Acute lymphoblastic leukemia (ALL) is a type of leukemia—a cancer of the bone marrow and blood. This disease is sometimes referred to as acute lymphocytic leukemia or acute lymphoid leukemia.
The American Cancer Society estimates that about 6,200 people are diagnosed with ALL each year in the U.S. While ALL is the most common type of leukemia in children, it is the least common type in adults. Only one-third of ALL cases are diagnosed in adults.
What Is ALL?
In people with ALL, a type of blood stem cell called a lymphoblast begins to function abnormally. Instead of maturing into fully functioning lymphocytes—important immune-system cells—the lymphoblasts multiply out of control, and they don’t die off like normal blood cells do.
The underdeveloped (leukemic) cells can’t carry out their normal infection-fighting functions, and they build up in the bone marrow and blood, crowding out normal, healthy blood cells that the body needs. The reduction in the number of normal blood cells can lead to infection, anemia, and excessive bleeding. The leukemic cells also can travel through the bloodstream to other parts of the body, including the lymph nodes, spleen, liver, central nervous system (brain and spinal cord), and testicles, interfering with the normal function of these organs.
ALL progresses and gets worse quickly if it is left untreated, which makes it important to start treatment soon after diagnosis.
Understanding the Bone Marrow and Blood
To understand leukemia, it helps to have basic knowledge of the bone marrow and how healthy blood cells form and what they do.
Stem cells are cells in the body that have the potential to turn into any kind of cell, such as a skin cell, a liver cell, a brain cell, or a blood cell. Stem cells that turn into blood cells are called hematopoietic stem cells, or blood stem cells. Blood stem cells are mainly found in bone marrow (the soft, spongy tissue inside your bones), but some are also found in circulating blood. When blood cells become old or damaged, they die, and blood stem cells produce new blood cells to replace them.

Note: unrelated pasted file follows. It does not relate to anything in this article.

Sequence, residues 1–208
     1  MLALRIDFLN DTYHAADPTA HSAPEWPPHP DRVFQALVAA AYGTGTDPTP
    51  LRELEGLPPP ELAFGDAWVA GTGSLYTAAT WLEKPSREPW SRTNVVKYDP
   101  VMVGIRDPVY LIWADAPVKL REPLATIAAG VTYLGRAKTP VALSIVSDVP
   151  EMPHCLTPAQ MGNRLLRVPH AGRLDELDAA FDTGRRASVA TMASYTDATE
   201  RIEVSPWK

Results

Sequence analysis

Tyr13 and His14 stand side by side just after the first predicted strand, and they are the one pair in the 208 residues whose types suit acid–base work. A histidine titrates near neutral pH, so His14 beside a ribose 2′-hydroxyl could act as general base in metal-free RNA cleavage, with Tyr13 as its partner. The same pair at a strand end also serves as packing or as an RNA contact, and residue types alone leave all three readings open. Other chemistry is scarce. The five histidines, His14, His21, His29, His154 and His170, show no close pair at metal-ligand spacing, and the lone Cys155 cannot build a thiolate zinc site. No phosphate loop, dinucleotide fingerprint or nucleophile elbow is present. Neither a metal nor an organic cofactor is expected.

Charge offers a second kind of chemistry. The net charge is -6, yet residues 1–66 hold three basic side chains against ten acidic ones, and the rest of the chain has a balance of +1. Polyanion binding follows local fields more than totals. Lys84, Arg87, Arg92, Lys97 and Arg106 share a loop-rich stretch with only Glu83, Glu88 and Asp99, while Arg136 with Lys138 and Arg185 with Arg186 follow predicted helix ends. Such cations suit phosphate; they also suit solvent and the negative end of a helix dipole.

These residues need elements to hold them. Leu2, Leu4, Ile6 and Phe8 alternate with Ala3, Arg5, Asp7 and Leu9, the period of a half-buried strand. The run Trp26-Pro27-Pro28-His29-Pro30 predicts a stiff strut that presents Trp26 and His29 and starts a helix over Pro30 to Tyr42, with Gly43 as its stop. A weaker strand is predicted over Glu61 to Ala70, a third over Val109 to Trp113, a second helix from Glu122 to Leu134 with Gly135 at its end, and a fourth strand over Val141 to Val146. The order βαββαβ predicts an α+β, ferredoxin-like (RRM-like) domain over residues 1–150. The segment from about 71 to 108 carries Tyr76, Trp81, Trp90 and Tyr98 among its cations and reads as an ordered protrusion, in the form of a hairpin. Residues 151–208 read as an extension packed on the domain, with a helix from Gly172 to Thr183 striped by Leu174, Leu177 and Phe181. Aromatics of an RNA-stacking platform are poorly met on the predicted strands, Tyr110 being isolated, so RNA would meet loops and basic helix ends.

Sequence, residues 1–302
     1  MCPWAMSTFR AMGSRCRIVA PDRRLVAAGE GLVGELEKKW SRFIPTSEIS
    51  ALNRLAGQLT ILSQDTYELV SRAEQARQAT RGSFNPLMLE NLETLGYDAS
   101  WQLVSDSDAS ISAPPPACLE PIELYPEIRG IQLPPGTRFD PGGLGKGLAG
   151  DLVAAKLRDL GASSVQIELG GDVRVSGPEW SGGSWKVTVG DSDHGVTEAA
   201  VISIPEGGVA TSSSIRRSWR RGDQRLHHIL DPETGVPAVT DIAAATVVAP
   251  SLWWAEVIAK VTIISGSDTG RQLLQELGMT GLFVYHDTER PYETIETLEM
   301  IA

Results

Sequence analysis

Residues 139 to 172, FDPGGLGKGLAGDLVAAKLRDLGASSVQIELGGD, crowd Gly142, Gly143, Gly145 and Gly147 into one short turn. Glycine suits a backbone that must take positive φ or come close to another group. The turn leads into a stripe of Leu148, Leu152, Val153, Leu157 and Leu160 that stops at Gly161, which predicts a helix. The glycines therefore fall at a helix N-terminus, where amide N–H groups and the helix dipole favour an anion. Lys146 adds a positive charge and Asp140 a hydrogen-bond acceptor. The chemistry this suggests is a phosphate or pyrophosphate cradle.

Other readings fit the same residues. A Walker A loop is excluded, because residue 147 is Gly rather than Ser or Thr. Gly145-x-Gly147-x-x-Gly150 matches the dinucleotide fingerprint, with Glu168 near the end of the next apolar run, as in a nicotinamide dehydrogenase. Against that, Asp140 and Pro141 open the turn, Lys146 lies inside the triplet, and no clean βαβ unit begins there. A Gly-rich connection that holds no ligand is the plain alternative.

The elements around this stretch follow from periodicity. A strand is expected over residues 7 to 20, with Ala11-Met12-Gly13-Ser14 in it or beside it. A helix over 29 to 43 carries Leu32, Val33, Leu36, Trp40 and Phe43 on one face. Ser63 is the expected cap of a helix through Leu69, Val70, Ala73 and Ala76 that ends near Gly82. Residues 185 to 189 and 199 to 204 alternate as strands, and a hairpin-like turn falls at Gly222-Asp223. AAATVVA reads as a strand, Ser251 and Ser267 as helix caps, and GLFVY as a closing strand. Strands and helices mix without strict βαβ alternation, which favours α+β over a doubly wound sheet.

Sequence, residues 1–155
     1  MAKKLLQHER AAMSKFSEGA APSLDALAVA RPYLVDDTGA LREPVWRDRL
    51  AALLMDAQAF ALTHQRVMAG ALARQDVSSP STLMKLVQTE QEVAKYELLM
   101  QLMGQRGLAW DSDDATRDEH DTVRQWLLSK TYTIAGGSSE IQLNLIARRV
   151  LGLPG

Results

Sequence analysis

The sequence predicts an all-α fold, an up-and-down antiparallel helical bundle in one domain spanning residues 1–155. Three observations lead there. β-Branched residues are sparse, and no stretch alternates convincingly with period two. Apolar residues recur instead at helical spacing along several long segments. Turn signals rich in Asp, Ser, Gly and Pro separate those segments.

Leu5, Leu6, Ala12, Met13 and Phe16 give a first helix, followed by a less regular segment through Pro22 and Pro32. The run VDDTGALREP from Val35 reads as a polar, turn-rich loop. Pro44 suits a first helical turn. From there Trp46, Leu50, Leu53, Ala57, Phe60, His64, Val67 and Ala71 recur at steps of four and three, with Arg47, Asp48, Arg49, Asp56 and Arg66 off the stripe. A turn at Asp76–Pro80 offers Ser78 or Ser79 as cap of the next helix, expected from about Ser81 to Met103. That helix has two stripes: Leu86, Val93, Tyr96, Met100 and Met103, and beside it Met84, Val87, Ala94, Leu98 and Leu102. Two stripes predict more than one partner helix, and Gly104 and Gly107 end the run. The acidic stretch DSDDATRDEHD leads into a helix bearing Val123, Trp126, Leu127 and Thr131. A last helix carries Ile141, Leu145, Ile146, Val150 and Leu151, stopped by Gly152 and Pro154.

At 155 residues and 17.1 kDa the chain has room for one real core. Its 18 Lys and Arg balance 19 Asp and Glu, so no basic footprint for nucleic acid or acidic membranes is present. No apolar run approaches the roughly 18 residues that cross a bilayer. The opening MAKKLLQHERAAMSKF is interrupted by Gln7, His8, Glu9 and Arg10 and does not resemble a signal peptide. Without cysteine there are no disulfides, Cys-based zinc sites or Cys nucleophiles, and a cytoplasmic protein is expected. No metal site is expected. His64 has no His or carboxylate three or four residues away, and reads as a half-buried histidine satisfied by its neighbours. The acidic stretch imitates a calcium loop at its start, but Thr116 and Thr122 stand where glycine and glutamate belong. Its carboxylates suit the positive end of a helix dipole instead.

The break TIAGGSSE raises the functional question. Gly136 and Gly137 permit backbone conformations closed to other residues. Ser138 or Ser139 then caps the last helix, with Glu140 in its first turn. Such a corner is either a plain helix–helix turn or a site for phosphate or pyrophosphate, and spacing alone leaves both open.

Blood stem cells produce lymphoid stem cells and myeloid stem cells. Lymphoid stem cells produce lymphoblasts, which in turn produce several types of white blood cells, including lymphocytes and natural killer cells. Myeloid stem cells produce myeloblasts, which turn into white blood cells known as granulocytes, as well as red blood cells and platelets.
- White blood cells (leukocytes) fight infection. The main types of white blood cells are B lymphocytes (B-cells), T lymphocytes (T-cells), natural killer (NK) cells, and granulocytes.
- Red blood cells (erythrocytes) carry oxygen from the lungs to the other parts of the body and take carbon dioxide back to the lungs to be removed.
- Platelets (thrombocytes) make the blood clot and slow or stop bleeding.
What Causes ALL?
Doctors do not know what causes ALL. The disease is more common in children age 5 years old and younger, and the risk increases again after age 50. It is also more common in males than females and in whites than African-Americans.
The few known risk factors that may increase your odds for developing ALL include:
- Being exposed to high levels of radiation
- Being exposed to certain chemicals, such as chemotherapy or benzene
- Having certain viral infections, although this is more common outside the United States
- Having certain genetic conditions, such as Down syndrome
- Having an identical twin who develops ALL as an infant or young child
Keep in mind that many people who develop ALL have none of the risk factors and most people with the risk factors do not develop the disease.